Portable blood glucose meters
13 December 2010
Portable blood glucose meters and strips which use the enzyme glucose dehydrogenase pyrroloquinoline quinone (GDH-PQQ) also known as glucose-dye-oxidoreductase have the potential to also detect the sugars galactose and xylose (monosaccharides) and maltose (disaccharide) and hence provide a false high glucose reading in the presence of these substances. Note: there are also blood glucose meters and strips that use mutant variant GDH methods which are not subject to interference from maltose.
Two potential adverse clinical consequences can occur:
- Patients with falsely elevated blood glucose readings may receive an excessive dose of insulin resulting in hypoglycaemia, or
- Patients with low blood glucose (hypoglycaemia) may go untreated due to masking of their true blood glucose levels by falsely elevated results.
An article was published on the TGA website in 2005 as a result of reported adverse events. The TGA has continued to monitor the occurrence of this type of incident and noted that further adverse events have been reported in Australia and worldwide between 2005 and 2010. Although the overall rate of incidence occurrence has not markedly increased, an updated advisory is being issued as a precautionary measure.
A review of the portable blood glucose monitors on the Australian Register of Therapeutic Goods (ARTG) has identified the following devices which utilise the GDH-PQQ technology.
|Abbott Diabetes Care||Optium Omega test strips||141948|
|Freestyle Lite blood glucose test strip - replaced with strips that use GDH-FAD chemistry in June 2010. Some strips with GDH-PQQ chemistry may still be in use however no stock using this chemistry is available through the normal channels of supply.||148264|
|Roche Diagnostics Australia||Accu-chek Mobile monitoring system - replaced with strips that use mutant quinoprotein glucose dehydrogenase (Mut. Q-GDH) in November 2010. Some strips with the GDH-PQQ chemistry may still be in use however no stock using this chemistry is available through the normal channels of supply. Test strips using Mut. Q-GDH can be identified by its packaging. The boxes are marked with a green box bearing black strips as seen here||166975|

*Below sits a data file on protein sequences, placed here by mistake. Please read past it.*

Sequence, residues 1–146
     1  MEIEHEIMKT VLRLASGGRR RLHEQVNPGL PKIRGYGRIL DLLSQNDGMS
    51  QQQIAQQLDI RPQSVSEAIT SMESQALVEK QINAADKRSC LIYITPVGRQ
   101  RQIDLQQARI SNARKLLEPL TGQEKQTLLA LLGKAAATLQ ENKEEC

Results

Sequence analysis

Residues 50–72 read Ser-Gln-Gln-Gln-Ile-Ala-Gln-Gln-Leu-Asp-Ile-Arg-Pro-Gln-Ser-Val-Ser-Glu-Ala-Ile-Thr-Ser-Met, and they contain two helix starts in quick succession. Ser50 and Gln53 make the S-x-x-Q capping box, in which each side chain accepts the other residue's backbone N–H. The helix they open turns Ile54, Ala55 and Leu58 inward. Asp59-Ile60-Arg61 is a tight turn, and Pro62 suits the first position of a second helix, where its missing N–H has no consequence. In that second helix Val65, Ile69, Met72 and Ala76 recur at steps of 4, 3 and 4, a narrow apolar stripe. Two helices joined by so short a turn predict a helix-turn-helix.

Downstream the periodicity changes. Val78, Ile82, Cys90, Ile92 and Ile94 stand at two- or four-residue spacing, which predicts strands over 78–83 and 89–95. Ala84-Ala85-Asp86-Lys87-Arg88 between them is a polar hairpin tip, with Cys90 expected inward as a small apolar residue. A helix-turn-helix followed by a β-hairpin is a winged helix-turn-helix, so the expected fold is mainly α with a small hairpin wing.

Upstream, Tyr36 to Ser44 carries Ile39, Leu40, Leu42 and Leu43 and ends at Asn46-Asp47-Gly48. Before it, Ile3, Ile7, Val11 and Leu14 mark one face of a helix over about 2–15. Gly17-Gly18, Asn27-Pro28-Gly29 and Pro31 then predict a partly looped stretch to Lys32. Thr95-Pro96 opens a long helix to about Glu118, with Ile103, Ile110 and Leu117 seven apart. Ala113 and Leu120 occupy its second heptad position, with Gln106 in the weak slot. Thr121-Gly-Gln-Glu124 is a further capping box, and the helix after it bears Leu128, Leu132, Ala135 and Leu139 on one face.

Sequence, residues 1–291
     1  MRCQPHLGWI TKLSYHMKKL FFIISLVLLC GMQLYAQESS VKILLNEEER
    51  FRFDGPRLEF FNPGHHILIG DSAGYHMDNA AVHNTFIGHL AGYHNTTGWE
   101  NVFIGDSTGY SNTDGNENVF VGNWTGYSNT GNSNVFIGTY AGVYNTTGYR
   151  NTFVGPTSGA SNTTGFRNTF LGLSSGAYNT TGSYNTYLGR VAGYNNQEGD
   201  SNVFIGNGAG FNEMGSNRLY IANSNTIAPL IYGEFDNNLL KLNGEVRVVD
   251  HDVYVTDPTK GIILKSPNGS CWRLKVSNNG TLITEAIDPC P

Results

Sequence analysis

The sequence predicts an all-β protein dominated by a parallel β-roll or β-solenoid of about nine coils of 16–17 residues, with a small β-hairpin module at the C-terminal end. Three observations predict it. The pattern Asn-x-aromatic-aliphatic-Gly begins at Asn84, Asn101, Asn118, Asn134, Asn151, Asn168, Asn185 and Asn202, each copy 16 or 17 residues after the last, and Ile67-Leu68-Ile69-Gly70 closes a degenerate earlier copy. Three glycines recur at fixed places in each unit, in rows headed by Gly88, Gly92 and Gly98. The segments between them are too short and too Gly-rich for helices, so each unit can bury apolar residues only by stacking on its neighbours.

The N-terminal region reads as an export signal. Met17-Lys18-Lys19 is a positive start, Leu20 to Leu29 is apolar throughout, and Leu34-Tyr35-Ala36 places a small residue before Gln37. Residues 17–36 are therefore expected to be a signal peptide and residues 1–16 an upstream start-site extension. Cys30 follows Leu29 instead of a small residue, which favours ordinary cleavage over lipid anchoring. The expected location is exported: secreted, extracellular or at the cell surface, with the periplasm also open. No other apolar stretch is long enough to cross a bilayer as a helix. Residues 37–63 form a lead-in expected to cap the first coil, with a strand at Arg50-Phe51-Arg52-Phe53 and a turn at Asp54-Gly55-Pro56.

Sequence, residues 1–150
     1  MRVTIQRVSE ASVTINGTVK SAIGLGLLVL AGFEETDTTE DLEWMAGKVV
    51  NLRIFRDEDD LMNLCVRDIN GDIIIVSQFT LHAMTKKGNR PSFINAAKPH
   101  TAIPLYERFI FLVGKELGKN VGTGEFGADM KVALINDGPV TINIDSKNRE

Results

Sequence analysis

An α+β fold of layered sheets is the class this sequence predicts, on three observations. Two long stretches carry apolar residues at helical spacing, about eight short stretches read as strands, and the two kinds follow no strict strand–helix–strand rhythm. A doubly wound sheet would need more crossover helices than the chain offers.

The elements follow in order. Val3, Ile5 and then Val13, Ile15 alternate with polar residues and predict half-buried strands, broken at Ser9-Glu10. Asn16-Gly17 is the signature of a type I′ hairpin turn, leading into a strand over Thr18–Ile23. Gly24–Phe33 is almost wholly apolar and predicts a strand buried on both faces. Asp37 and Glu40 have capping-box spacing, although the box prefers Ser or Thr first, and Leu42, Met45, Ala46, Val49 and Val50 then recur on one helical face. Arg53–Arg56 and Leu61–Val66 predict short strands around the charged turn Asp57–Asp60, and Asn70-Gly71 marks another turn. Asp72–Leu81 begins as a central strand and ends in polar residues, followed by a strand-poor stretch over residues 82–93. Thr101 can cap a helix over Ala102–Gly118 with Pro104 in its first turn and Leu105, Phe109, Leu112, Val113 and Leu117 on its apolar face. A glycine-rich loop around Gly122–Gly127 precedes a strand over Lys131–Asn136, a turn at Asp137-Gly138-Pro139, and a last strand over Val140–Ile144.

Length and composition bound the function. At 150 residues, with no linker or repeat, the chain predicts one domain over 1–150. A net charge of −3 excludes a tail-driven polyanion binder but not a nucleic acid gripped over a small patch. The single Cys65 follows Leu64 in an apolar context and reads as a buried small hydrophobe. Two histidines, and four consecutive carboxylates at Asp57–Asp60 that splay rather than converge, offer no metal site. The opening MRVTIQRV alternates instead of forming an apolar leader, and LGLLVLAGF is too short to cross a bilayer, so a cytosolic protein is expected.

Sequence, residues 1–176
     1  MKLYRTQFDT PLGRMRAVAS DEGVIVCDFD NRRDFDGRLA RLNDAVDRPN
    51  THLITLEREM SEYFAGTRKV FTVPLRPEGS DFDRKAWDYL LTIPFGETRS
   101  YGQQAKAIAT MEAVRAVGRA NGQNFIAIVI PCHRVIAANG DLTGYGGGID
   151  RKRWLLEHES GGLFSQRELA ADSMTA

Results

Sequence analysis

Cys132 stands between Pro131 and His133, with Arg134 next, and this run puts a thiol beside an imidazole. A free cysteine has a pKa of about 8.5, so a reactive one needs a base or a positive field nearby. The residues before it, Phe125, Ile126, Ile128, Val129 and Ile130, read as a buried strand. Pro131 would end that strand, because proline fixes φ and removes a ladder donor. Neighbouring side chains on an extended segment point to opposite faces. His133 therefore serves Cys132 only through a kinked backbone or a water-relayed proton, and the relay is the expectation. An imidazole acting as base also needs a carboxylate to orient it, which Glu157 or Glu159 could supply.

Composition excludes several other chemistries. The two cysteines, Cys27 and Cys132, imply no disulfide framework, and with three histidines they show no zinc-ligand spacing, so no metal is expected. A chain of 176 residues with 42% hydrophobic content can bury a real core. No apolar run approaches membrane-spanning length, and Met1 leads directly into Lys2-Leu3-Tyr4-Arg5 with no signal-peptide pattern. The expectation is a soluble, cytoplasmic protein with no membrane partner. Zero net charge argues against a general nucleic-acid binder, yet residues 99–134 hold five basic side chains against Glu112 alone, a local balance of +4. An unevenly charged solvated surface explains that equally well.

|Accu-chek Integra drum||107421|
|Accu-chek Go glucose strip||99803|
|Accu-chek Advantage sensor||170505|
|Accu-chek Advantage II sensor||65308|
|Accu-chek Active strip||79458|
Drug substances or therapies with non glucose sugars which can interfere with GDH-PQQ based blood glucose tests are listed below:
- Icodextrin e.g. the peritoneal dialysis solution Extraneal
- Some immunoglobulins e.g. Octagam 5%, Gamimune 5%
- Adept adhesion reduction solution (4% icodextrin)
- Some radioimmunotherapy agents e.g. BEXXAR
- Any product that contains or is broken down by the body into the sugars maltose, galactose or xylose
Patients undergoing treatment with any of the above substances must not use blood glucose monitors utilising GDH-PQQ technology.
Advice for patients/healthcare professionals:
- Be familiar with the type of glucose monitoring technology you are using by either consulting the instructions for use, the sponsor of the device, your pharmacist or your doctor.
- If you are on any therapy or drug listed above do not use meters or strips which use GDH-PQQ. Portable blood glucose test meters using other enzymes (GOD, GDH-NAD, GDH-FAD, Mut. Q-GDH) should be used.
- GDH-PQQ based testing can be used if you are not undergoing treatment that will interfere with the result.
- Blood glucose monitors utilising any form of GDH-PQQ technology must not be used on neonates with galactosaemia as galactose can still interfere with all forms of GDH-PQQ technology.
Content last updated: Monday, 13 December 2010
Web page last updated: Monday, 2 May 2011